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precarious
used in The Count of Monte Cristo

6 uses
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Definition unsafe or unsure — especially in danger of falling
  • His situation was too precarious to allow him even time to reflect on any thought but one.
    Chapters 19-20 (83% in)
  • Louis XVIII. made but a faint attempt to parry this unexpected blow; the monarchy he had scarcely reconstructed tottered on its precarious foundation, and at a sign from the emperor the incongruous structure of ancient prejudices and new ideas fell to the ground.
    Chapters 13-14 (1% in)
  • (he called me by this name when he was in good humor); 'do you think I am going to change the life I lead for your mode of existence—my agreeable indolence for the hard and precarious toil you impose on yourself, exposed to the bitter frost at night, and the scorching heat by day, compelled to conceal yourself, and when you are perceived, receive a volley of bullets, all to earn a paltry sum?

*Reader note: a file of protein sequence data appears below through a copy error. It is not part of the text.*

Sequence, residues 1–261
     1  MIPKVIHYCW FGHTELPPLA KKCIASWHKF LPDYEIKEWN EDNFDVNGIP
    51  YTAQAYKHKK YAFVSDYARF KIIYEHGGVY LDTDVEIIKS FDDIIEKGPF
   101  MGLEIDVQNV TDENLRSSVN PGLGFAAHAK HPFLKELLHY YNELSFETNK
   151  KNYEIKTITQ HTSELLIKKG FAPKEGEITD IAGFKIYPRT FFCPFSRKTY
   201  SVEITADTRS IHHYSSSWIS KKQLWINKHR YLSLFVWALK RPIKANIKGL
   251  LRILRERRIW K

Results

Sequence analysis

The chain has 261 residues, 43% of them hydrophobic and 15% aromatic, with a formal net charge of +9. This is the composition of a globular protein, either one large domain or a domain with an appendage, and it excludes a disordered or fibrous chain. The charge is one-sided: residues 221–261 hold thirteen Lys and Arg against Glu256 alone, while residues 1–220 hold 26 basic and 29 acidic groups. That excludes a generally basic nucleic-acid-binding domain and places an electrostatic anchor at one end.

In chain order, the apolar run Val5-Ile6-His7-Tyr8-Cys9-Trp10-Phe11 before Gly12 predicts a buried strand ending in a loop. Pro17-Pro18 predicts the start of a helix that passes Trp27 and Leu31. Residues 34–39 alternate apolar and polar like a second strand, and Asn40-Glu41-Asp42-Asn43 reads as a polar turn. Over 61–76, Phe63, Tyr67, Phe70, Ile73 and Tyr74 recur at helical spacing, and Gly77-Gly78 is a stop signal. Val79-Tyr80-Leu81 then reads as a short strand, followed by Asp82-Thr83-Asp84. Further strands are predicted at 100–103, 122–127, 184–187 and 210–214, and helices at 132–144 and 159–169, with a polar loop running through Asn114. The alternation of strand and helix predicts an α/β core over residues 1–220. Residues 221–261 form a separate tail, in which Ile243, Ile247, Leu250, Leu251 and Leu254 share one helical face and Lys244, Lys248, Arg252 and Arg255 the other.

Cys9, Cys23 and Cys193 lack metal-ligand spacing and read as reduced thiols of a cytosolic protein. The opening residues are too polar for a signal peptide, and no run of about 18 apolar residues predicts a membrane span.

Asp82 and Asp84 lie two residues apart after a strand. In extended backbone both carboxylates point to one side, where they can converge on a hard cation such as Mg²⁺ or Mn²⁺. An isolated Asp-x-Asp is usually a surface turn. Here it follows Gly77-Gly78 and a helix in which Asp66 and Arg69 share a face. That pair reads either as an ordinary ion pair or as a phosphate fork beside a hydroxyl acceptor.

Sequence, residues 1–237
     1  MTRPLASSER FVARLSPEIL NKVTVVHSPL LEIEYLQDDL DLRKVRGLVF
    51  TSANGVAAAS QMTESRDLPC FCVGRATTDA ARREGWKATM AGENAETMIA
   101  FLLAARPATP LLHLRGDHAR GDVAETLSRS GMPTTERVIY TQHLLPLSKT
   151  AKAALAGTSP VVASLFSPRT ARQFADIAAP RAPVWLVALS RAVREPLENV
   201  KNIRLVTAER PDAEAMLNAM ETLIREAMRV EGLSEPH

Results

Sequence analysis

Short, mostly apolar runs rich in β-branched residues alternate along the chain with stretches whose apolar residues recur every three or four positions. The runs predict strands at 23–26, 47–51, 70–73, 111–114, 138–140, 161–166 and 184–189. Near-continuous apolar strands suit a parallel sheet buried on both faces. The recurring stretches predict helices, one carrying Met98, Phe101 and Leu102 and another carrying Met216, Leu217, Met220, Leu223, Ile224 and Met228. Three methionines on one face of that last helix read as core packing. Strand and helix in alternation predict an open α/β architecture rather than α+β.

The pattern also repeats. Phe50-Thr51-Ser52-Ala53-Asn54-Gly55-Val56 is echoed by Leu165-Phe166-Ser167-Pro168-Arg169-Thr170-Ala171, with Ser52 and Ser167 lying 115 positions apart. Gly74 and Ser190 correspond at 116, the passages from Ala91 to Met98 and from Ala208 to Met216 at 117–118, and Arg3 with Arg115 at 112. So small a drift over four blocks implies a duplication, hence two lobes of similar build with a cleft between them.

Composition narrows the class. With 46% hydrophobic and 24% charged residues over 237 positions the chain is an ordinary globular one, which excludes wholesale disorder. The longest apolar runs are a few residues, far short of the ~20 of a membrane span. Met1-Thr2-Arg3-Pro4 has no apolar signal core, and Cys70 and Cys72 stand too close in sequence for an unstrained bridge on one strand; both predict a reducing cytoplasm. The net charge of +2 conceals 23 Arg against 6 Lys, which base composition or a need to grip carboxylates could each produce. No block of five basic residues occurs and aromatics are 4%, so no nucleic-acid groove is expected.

Chapters 43-44 (67% in)
  • Hence that immense fortune, which, in Lord Wilmore's opinion, possibly amounted to one or two millions per annum,—a precarious fortune, which might be momentarily lost by the failure of the mine.
    Chapters 69-70 (41% in)
  • Fortune is precarious; and if I were a woman and fate had made me a banker's wife, whatever might be my confidence in my husband's good fortune, still in speculation you know there is great risk.
    Chapters 75-76 (70% in)
  • I remember well that the slaves, convinced of the precarious tenure on which they held their lives, passed whole days and nights in praying, crying, and groaning.
    Chapters 77-78 (31% in)

There are no more uses of "precarious" in The Count of Monte Cristo.

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